10. 10
    Carolyn says:

    My Mom had a health indicator that she passed down to me (and my siblings): whenever I accidentally bite my inner cheek, or the side of my tongue – usually when chewing something – it means I’m in a “run-down condition”. And I still find that to be true (and I clearly hear her saying it!). It doesn’t happen all that often, but sure enough if I reflect when it occurs I’ll find I’m stressed or trying to do too much.

  11. 11
    Kathy Bunbury says:

    I have a picture of my hubby in a tavern in Freiburg, which is one of my favorites from our travels – Germany is one of our favorite destinations.

    The one thing I’ve learned (the hard way) is to trust that queasy feeling I get sometimes when I shake someone’s hand. Each time it’s turned out to be a person that has been untrustworthy in business or someone that has betrayed a family member or myself.

    • 11.1

      What an interesting warning. One of my friends could see auras, and she claimed that mendacious people tended toward certain colors or shades of colors. Makes sense that carrying around lies might affect us physiologically, but it must be very disconcerting to touch somebody and get a jolt of “Warning, Will Robinson!”

  12. 12
    Darcy Wyant Coggins says:

    Perhaps not “sense” but fact, in nursing there are obvious odors that earmark disease, infection, etc…and I have often wondered in Regency times and earlier, if “good” doctors and healers tapped into these…fruity/alcohol breath=fever, dehydration and diabetes…tonsilitis, inflamed glands and strep throat has its own odor…gangrene/pseudomonous wounds have a unique smell…once you ‘tune in’ to these it points the direction for treatment… But, I digress; I often got a knowing feeling when I was a nurse of approaching problem…and more times than not a trauma or cardiac attack showed up at the door…learned not to ignore it FAST!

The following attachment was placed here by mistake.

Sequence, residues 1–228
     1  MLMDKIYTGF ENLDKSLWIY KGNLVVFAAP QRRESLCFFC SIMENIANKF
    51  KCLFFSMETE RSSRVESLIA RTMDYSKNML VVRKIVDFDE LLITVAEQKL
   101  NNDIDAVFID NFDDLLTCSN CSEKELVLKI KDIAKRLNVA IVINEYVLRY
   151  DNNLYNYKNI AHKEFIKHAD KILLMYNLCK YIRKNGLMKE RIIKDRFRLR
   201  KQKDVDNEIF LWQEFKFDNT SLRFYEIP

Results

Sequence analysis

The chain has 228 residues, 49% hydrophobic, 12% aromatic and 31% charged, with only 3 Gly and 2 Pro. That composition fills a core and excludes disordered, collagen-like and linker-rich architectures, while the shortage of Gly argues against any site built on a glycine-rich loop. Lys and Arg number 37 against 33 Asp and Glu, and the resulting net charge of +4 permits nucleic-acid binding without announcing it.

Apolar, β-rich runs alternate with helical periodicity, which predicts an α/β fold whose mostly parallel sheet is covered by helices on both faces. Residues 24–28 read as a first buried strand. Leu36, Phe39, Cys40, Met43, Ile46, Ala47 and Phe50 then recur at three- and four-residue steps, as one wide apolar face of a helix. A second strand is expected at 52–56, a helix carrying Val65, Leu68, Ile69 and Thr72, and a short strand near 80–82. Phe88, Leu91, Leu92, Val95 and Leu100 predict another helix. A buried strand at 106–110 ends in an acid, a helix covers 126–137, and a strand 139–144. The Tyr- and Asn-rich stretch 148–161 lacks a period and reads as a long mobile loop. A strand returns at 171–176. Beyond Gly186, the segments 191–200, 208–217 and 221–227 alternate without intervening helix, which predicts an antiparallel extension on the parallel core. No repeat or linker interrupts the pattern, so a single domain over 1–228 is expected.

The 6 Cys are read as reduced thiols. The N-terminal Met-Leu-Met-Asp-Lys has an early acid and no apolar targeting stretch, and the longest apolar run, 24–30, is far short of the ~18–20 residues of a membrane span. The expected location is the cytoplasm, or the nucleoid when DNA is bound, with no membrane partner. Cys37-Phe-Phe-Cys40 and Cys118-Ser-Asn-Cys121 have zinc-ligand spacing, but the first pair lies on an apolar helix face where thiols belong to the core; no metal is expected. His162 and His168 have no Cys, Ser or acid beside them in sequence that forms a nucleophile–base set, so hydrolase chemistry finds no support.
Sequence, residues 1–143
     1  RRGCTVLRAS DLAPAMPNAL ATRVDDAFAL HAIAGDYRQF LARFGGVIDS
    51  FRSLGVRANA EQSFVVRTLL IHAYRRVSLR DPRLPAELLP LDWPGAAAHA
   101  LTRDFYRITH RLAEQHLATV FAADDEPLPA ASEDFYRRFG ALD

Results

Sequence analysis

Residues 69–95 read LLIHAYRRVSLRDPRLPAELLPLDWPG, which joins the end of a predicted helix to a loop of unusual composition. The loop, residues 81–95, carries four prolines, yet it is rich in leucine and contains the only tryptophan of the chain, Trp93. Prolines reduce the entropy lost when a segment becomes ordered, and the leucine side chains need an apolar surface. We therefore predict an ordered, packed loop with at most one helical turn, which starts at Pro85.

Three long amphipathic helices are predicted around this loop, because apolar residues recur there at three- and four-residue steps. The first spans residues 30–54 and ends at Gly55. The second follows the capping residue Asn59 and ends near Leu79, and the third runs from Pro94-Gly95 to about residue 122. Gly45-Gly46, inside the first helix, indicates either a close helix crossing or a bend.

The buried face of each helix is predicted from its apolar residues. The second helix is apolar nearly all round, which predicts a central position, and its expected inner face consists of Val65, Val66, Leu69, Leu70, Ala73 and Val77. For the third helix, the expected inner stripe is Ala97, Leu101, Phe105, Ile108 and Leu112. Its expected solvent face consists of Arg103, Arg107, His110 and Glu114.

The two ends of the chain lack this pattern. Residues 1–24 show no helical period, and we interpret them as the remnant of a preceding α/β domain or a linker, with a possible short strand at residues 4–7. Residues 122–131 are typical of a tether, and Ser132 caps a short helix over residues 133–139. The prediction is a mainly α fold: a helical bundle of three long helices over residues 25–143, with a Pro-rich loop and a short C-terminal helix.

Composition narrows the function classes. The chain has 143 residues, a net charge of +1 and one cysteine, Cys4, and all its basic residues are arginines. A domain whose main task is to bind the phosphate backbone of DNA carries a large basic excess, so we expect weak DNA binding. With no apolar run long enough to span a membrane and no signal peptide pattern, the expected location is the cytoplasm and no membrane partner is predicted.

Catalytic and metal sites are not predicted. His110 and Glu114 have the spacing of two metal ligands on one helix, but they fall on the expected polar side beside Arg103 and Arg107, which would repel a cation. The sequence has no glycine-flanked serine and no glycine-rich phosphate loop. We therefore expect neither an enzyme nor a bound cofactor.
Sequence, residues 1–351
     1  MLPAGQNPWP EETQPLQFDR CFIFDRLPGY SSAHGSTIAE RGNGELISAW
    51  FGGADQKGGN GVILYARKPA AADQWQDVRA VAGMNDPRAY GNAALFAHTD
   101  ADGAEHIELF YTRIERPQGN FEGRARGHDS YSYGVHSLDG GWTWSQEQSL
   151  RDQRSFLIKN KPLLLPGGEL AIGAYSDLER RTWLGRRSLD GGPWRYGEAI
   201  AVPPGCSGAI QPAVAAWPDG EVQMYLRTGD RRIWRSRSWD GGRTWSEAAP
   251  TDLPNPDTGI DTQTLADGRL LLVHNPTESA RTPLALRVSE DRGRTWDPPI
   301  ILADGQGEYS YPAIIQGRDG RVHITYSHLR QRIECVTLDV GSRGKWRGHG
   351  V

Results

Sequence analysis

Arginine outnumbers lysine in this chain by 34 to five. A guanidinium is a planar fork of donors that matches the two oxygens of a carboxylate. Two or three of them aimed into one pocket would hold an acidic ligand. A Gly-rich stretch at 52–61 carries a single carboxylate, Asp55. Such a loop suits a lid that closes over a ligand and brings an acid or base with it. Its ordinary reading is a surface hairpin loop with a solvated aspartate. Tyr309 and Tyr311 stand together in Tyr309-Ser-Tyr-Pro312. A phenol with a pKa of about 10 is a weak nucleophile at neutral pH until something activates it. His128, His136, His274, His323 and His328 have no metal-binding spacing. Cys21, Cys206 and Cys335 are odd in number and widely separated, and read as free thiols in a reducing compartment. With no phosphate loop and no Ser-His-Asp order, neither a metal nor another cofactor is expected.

• 12.1

      As a matter of fact, one of few investigations a physician would make–other than interviewing the patient–was to examine the patient’s urine. The physicians typically did not touch patients, and if bleeding was required (do we have some screwy notions or what?) the surgeon was called for.

  13. 13
    Larisa says:

    Big Cranes. The more ginormous cranes over an urban area, the better the economy. They’re hideously expensive to use, and it means big things are being built, places where businesses will keep the next layer of economy churns, and people will live. Cranes mean lots of construction workers below, busy as ants on the hill; that architects & engineers were busy too. Cranes make me happy, even after nearly a decade away from the construction industry.

    • 13.1

      I would never have thought of that, though it’s not a long leap from road construction to high-rise construction. I also lived for a time in Kiel, Germany, where the HDV submarine and boatworks are. HUGE cranes (Krank is the German word). Now that you mention it, when those cranes were busy, the whole yard was busy.

  14. 14
    catslady says:

    I think because I want to believe everything is fine, I don’t listen to my inner most feelings often enough. Especially when it comes to my two grown girls. Although I know things may not be perfect and since I tend to be one of those people who puts up with anything, both have shocked me – one with a divorce and another with a breakup after 11 years. What I do tend to be good at is recognizing manipulative people – especially women. I think that’s come with age lol.

    • 14.1

      If you have to have your radar fine-tuned in one regard, then avoiding the manipulators is a good skill to have. Those people are heartache on the hoof. I’m also less trusting than I used to be, though I’m still not all that good at sorting the clown from the jokers.